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Import data

Import data from Heroku

This guide describes how to import your data from Heroku PostgreSQL to Neon.

The instructions assume that you have installed the Heroku CLI, which is used to transfer data from Heroku. For installation instructions, see The Heroku CLI.

To migrate your data from Heroku to Neon:

  1. Create a Neon project and copy the connection string
  2. Retrieve your Heroku app name and database name
  3. Import your data
  4. Verify that your data was imported

Create a Neon project and copy the connection string

  1. Navigate to the Projects page in the Neon Console.
  2. Click New Project.
  3. Enter a name for your project and click Create Project.
  4. After creating a project, you are directed to the Neon Dashboard, where a connection string with your password is provided under Connection Details. The connection string includes your password until you navigate away from the Neon Console or refresh the browser page. Copy the connection string. It is required to import your data from Heroku.

The example connection string used the instructions that follow is:

postgres://jsmith:Wij8mIDXoQ8H@ep-polished-water-579720.us-east-2.aws.neon.tech:5432/main

Retrieve your Heroku app name and database name

  1. Log in to Heroku and select the project you want to import data from.
  2. Select Overview and copy the name of the Heroku Postgres database, which appears under Installed add-ons.
  3. Click Settings and copy your Heroku App Name.

note

You can also retrieve the Heroku Postgres database name using the following Heroku CLI command:

heroku pg:links --app <app>

where <app> is the Heroku App Name.

For example:

$ heroku pg:links --app thawing-wave-57227
=== postgresql-trapezoidal-48645

Import your data

From your terminal, run the following Heroku CLI command:

heroku pg:pull --app <app> <heroku-pg-database> <neon-connection-string>

where:

  • <app> is the name of the Heroku app
  • <heroku-pg-database> is the name of the Heroku PostgreSQL database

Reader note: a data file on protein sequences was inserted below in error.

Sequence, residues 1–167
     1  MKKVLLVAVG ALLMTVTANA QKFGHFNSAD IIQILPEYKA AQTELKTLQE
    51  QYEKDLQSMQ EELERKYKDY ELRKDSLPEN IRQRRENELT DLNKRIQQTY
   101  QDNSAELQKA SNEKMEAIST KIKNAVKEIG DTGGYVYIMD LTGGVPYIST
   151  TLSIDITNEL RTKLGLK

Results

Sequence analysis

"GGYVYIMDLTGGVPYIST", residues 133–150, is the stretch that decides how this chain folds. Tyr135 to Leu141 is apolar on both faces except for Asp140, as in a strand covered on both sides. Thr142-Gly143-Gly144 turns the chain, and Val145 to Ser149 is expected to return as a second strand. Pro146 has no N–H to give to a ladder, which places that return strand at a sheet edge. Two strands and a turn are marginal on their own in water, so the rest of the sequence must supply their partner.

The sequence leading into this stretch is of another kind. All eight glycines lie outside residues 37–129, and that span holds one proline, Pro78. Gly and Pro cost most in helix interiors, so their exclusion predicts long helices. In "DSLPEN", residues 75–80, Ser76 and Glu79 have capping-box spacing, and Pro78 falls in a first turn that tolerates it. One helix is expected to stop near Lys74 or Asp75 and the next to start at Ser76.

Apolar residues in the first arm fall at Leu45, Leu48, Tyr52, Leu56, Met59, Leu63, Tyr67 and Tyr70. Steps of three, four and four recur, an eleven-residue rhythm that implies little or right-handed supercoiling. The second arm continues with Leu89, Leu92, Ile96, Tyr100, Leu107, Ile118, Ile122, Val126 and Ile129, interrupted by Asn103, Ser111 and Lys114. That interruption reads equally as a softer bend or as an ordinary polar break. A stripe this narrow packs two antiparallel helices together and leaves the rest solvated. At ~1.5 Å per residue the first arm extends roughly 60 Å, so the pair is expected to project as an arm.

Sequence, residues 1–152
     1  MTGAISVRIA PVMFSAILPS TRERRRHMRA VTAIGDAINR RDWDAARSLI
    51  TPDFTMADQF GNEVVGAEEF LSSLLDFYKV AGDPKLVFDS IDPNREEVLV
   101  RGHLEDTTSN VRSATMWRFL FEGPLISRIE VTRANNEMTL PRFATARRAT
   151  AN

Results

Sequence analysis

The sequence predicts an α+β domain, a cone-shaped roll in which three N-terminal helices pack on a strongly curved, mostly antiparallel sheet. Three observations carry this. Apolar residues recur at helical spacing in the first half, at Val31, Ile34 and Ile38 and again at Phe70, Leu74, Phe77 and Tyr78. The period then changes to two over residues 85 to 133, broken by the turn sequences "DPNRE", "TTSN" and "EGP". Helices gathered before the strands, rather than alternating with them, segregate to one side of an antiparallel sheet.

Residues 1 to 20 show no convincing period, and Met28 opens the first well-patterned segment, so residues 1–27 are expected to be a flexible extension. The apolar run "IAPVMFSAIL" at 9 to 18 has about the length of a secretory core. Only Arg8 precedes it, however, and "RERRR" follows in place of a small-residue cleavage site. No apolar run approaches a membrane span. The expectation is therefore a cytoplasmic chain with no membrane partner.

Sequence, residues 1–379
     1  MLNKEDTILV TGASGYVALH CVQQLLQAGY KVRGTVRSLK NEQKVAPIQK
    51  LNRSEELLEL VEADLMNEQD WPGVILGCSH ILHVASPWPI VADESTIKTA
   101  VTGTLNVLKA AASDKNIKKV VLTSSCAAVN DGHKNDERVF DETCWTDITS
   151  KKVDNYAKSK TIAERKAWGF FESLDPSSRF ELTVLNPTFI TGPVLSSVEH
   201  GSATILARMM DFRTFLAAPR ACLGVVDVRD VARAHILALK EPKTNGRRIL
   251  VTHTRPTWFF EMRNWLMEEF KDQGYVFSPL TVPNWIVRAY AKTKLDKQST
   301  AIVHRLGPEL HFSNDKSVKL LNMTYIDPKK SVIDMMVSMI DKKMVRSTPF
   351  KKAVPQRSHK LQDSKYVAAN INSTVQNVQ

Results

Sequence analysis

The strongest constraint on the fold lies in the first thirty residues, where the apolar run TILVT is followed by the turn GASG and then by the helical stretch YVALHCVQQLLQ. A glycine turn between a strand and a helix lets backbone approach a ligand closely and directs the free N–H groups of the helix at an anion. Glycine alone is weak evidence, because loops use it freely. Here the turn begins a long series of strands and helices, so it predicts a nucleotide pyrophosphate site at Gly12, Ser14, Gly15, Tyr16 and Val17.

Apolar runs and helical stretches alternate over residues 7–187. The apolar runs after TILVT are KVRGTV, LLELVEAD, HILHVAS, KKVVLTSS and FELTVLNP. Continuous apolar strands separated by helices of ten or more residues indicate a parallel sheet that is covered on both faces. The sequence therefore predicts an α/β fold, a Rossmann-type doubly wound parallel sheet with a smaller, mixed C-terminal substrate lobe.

• <neon-connection-string> is the Neon connection string

For example:

$ heroku pg:pull --app thawing-wave-57227 postgresql-trapezoidal-48645 postgres://jsmith:Wij8mIDXoQ8H@ep-polished-water-579720.us-east-2.aws.neon.tech:5432/main

heroku-cli: Pulling postgresql-trapezoidal-48645 ---> postgres://jsmith:Wij8mIDXoQ8H@ep-polished-water-579720.us-east-2.aws.neon.tech:5432/main

pg_dump: last built-in OID is 16383
pg_dump: reading extensions
pg_dump: identifying extension members
pg_dump: reading schemas
pg_dump: reading user-defined tables
pg_dump: reading user-defined functions
pg_dump: reading user-defined types
pg_dump: reading procedural languages
pg_dump: reading user-defined aggregate functions
pg_dump: reading user-defined operators
pg_dump: reading user-defined access methods
pg_dump: reading user-defined operator classes
pg_dump: reading user-defined operator families
pg_dump: reading user-defined text search parsers
pg_dump: reading user-defined text search templates
pg_dump: reading user-defined text search dictionaries
pg_dump: reading user-defined text search configurations
pg_dump: reading user-defined foreign-data wrappers
pg_dump: reading user-defined foreign servers
pg_dump: reading default privileges
pg_dump: reading user-defined collations
pg_dump: reading user-defined conversions
pg_dump: reading type casts
pg_dump: reading transforms
pg_dump: reading table inheritance information
pg_dump: reading event triggers
pg_dump: finding extension tables
pg_dump: finding inheritance relationships
pg_dump: reading column info for interesting tables
pg_dump: finding the columns and types of table "public.customer"
pg_dump: finding the columns and types of table "public.order"
pg_dump: flagging inherited columns in subtables
pg_dump: reading indexes
pg_dump: reading indexes for table "public.customer"
pg_dump: reading indexes for table "public.order"
pg_dump: flagging indexes in partitioned tables
pg_dump: reading extended statistics
pg_dump: reading constraints
pg_dump: reading foreign key constraints for table "public.customer"
pg_dump: reading foreign key constraints for table "public.order"
pg_dump: reading triggers
pg_dump: reading triggers for table "public.customer"
pg_dump: reading triggers for table "public.order"
pg_dump: reading rewrite rules
pg_dump: reading policies
pg_dump: reading row-level security policies
pg_dump: reading publications
pg_dump: reading publication membership
pg_dump: reading subscriptions
pg_dump: reading large objects
pg_dump: reading dependency data
pg_dump: saving encoding = UTF8
pg_dump: saving standard_conforming_strings = on
pg_dump: saving search_path =
pg_dump: saving database definition
pg_dump: dumping contents of table "public.customer"
pg_restore: connecting to database for restore
pg_dump: dumping contents of table "public.order"
pg_restore: creating SCHEMA "heroku_ext"
pg_restore: creating TABLE "public.customer"
pg_restore: creating TABLE "public.order"
pg_restore: processing data for table "public.customer"
pg_restore: processing data for table "public.order"
pg_restore: creating CONSTRAINT "public.customer customer_pkey"
pg_restore: creating CONSTRAINT "public.order order_pkey"
pg_restore: creating FK CONSTRAINT "public.order order_customer_id_fkey"
heroku-cli: Pulling complete.

Verify that your data was imported

  1. Log in to the Neon Console.
  2. Select the Neon project that you transferred data to.
  3. Select the Tables tab.
  4. In the sidebar, verify that your database tables appear under the Tables heading.
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